Feeling the bite?

Michiganders are all too familiar with mosquito swatting and tick scratching, but the increase of tiny critters this year may be especially irritating.
Julie Angell
Jun 3, 2014

 

“Anywhere not in direct sunlight, you’re gonna’ get eaten alive,” fisherman Arnold Jenkins said as he cast his line into a Spring Lake bayou.

Jenkins said he was driven out of his fishing spot by large groups of thirsty mosquitoes underneath a bridge. He said he noticed last week — both at his prime fishing locations and at home — that the mosquito problem was getting bad.

Howard Russell, a Michigan State University entomologist, said the first “big hatch” of spring mosquitoes happened this past weekend. He said a lot of rain and snow — such as we had this past winter — provides more water for mosquitoes to hatch more eggs.

“They’re everywhere — clouds of them,” Russell said.

Michigan’s mosquitoes come in two waves: spring and summer. The eggs of spring mosquitoes hatch once, wreak havoc on campers and tanners, then go away until next year. Summer mosquitoes depend on continued rain to reproduce.

With the big hatch of mosquitoes last week, we can expect the pesky critters to stick around a bit longer, Russell said.

Bob Sluis recently walked into the critter aisle of Ace Hardware in Spring Lake with a look of determination. He was looking for a mosquito-stinging bulb to ward off pests for himself and his business.

“I run a small day care and the kids come in with welts,” Sluis said.

Store employee Geoff Dean said they went through a ton of bug spray last year, and they’re preparing for the same this summer. He said they’re stocking the store’s shelves in anticipation for a buggy summer.

Another blood-sucking critter is also causing commotion in Michigan. Russell said he’s been busy taking calls about the number of ticks popping up in and around urban areas like Lansing and Detroit.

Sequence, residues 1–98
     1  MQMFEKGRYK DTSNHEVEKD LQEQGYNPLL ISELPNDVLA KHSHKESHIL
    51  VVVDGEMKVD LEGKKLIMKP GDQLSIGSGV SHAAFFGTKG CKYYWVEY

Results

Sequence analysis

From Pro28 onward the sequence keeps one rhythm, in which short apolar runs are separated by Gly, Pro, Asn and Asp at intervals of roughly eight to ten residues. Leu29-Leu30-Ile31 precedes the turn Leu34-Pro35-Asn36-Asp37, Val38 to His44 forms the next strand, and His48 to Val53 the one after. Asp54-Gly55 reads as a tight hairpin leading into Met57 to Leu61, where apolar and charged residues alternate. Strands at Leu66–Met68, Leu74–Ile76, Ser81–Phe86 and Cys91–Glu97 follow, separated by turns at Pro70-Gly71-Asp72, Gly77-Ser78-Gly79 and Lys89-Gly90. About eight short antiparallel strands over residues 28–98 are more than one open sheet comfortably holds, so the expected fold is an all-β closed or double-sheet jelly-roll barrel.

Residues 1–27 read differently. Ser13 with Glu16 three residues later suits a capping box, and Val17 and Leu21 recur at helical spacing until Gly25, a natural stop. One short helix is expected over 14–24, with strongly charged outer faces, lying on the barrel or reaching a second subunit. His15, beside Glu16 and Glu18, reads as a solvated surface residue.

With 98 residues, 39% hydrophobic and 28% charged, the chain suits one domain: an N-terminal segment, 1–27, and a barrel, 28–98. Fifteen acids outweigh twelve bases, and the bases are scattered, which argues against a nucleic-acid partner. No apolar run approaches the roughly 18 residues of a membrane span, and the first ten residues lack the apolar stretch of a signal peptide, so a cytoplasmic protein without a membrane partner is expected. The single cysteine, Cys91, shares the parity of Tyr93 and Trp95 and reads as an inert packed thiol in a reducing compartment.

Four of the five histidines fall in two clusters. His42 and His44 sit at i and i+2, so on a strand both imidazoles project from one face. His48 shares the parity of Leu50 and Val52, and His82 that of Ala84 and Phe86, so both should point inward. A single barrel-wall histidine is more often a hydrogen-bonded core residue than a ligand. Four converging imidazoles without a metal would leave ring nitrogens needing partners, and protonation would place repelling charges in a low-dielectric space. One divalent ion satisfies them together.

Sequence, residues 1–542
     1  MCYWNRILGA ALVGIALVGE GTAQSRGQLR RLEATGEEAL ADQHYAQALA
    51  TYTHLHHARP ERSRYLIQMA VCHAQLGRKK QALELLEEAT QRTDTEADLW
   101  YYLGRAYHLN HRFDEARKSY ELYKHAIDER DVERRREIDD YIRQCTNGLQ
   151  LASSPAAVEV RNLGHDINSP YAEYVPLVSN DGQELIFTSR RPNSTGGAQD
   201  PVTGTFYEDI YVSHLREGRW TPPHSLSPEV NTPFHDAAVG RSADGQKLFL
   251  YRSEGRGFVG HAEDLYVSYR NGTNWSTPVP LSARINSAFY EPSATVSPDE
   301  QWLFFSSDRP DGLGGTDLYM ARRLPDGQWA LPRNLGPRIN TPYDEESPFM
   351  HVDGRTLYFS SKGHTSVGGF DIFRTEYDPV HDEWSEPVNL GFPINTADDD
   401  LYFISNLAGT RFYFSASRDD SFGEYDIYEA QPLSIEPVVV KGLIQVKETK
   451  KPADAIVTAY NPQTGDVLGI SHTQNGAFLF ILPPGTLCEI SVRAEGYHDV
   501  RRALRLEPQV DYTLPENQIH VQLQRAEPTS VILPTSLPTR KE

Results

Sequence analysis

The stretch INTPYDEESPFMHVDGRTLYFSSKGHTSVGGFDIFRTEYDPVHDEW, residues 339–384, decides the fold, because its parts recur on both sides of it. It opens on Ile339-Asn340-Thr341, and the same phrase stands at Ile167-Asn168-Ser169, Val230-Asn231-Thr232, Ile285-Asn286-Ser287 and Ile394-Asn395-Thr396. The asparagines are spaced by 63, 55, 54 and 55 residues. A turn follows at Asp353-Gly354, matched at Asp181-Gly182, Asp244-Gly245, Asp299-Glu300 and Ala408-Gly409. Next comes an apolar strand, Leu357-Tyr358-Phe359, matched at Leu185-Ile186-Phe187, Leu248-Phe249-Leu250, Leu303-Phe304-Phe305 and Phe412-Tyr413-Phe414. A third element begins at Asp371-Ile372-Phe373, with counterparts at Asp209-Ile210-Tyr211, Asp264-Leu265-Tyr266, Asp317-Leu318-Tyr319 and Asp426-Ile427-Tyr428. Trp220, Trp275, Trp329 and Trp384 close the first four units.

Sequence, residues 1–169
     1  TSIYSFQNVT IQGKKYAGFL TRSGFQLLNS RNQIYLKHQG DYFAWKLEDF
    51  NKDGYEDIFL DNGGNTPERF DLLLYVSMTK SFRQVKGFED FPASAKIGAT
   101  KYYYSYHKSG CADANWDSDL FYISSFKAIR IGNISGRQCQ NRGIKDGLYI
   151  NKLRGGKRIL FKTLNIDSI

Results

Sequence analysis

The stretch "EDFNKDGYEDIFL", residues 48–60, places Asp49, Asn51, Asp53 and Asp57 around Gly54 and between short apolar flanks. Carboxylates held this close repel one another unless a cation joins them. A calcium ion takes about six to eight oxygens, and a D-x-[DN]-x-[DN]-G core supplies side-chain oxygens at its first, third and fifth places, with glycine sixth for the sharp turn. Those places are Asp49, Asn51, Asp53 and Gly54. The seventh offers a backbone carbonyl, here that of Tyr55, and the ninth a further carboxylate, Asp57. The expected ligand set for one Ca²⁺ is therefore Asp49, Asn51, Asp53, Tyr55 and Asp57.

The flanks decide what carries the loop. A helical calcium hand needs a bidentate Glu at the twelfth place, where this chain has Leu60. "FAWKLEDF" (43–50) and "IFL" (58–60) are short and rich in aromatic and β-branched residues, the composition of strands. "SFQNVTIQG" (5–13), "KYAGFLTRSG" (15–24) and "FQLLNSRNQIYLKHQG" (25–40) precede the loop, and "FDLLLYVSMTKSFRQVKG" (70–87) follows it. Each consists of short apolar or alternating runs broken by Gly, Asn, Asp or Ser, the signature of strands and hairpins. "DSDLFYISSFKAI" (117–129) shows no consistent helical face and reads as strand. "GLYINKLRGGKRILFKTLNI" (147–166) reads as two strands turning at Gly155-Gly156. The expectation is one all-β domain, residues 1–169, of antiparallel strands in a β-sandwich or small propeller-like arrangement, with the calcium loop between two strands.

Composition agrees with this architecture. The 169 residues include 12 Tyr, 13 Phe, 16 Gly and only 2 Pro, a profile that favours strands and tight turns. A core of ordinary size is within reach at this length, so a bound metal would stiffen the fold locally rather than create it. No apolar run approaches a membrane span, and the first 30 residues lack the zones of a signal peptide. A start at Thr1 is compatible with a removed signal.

Russell said ticks are fairly new to the Lower Peninsula and, up until now, “we’ve just been lucky” with the annoying bugs.

Deer ticks are not impacted by snowy winters like mosquitoes. With its long, gangly legs, the deer tick is commonly found in coastal towns like Grand Haven.

Black-legged ticks are becoming more common in the state, according to Russell, and are known to cause the debilitating Lyme disease.

The Ottawa County Department of Public Health’s website offers useful information about communicable diseases, such as Lyme and the West Nile virus, as well as information about ticks.

"Reducing exposure to ticks is the best defense against Lyme disease and other tick-borne infections,” department spokeswoman Kristina Wieghmink said.

Comments

jlebrasseur

If anybody is worried about ticks or Lyme disease, I would advise you not to go into the dune preserve or Dewey Hill. The area is absolutely infested with them.

I had to walk through short dune grass down there to take care of something and in less than five minutes I had six ticks on me. I am seriously not joking when I say the whole North Shore area is infested.

Be careful out there and check yourselves thoroughly after being in the sandy areas or dune grass.

lls8515

I live in Grand Rapids and I have not seen one mosquito this season. I hope it stays that way, but I doubt it.

meisterblue

Anyone ever fish in the U.P? Those bugs are huge up there!!!

Tri-cities realist

Gnats the size of bats...

 

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